The Power of Global Thinking
The world may be smaller, but the challenges are bigger. Managers need a new mindset that knows no bounds.
This executive dossier includes the following articles:
Motivation and Behavior
Sanchez-Runde, Carlos J.; Steers, Richard M.
The temptation to employ managerial best practices in global organizations tends to disregard a vital component of sound management and outstanding employee productivity: the influence of culture. Research on work motivation, personal work values and job attitudes rarely takes cultural differences into account. Yet evidence exists to show that culture does play a substantial role in understanding worker behavior and satisfaction, not to mention company success.
de Mooij, Marieke
Many widely accepted management theories related to mission statements, branding and advertising are Western inventions that do not translate when companies go global. What plays well at home may not go down so well in foreign environments. The author recommends that a company conduct a full review of its entire global marketing strategy – from its mission and vision, to its portfolio, positioning and product usage, to its communications and advertising campaigns. Throughout the discussion, she challenges managers to let go of their preconceived ideas and insistence on consistency and standardization, which they may think is being cost-effective, but in reality will never succeed in scratching consumers where they itch. To be truly effective, global marketing strategies must articulate not the culture-bound values of one particular company, but the values of the stakeholders in all of the countries where the company operates. If not, stakeholders elsewhere may have difficulties identifying with the company.
Unmasking the Myths
Is our reasoning sound when we justify using sweatshops in Asian countries, paying bribes to secure contracts, and tolerating social and environmental degradation based on the argument that everyone else is doing it, and if we don’t, a competitor will? Doing business across borders presents a minefield of ethical dilemmas that many managers are ill-equipped to deal with. This article tackles three main myths surrounding cross-cultural management: the appeal to local etiquette over moral considerations; the idea that tolerance based on relativism and subjectivism will solve cross-cultural dilemmas; and the belief that profit justifies dubious means. By weighing and analyzing the arguments from an ethical perspective, using logic and reasoning, the author reveals how decisions made even with the best of intentions can lead to unethical behavior. She points to some universally accepted values and timeless notions of the common good as the better basis for constructing an ethical framework. The article includes some dilemmas for readers to consider for themselves, all aimed at helping international managers formulate sound approaches to deal with the questionable behaviors they face across cultures.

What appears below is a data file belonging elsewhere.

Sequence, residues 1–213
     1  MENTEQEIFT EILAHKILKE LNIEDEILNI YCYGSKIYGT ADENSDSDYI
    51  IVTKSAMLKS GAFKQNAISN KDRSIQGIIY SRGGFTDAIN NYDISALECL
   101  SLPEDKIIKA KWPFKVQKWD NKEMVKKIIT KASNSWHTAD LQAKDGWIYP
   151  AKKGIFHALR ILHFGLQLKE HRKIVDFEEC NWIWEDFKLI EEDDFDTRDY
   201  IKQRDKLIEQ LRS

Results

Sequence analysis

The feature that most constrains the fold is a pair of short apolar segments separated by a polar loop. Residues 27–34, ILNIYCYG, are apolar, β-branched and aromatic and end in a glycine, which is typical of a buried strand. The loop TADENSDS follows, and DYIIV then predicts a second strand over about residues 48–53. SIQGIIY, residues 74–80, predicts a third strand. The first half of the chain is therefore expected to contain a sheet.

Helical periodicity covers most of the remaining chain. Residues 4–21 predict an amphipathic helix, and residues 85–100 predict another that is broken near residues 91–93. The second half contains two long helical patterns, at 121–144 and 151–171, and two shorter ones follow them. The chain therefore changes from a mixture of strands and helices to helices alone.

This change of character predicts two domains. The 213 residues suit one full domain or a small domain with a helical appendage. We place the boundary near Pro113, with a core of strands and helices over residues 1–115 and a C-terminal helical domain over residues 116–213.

Staffing Across Cultures
Reiche, B. Sebastian
The temporary inpatriation of foreign subsidiary managers to HQ is on the rise: it´s cheaper than expatriating staff, it´s often the best way to gain local knowledge fast, it wins over local workforces and it expands the prospects for staff development and promotion. However, the author´s various studies of subsidiary staff relocated to the headquarters of multinationals reveal that for inpatriation to work, both the individual inpatriate and the multinational need to understand the key factors that make or break these special arrangements. If the inpatriate is able to build good social capital, is mentored by HQ staff and can speak the language of the HQ country, then both sides stand to reap mutual benefits from the exchange. If there is an ethnocentric attitude among HQ staff, a large distance between the inpatriate´s home culture and the HQ country culture, and no real thought given to what happens to the inpatriate when the assignment is done, then the transfer is bound to fall flat. The author recommends that multinationals carefully manage inpatriation at every stage of the process - from selection and preparation, to relocation and reintegration - in order to minimize turnover tendencies and capitalize on the real value that these younger managers bring. Managing this process well can help MNCs to develop strong leaders who can effectively bridge different units and understand both global strategic concerns as well as local market requirements, which is so vital today.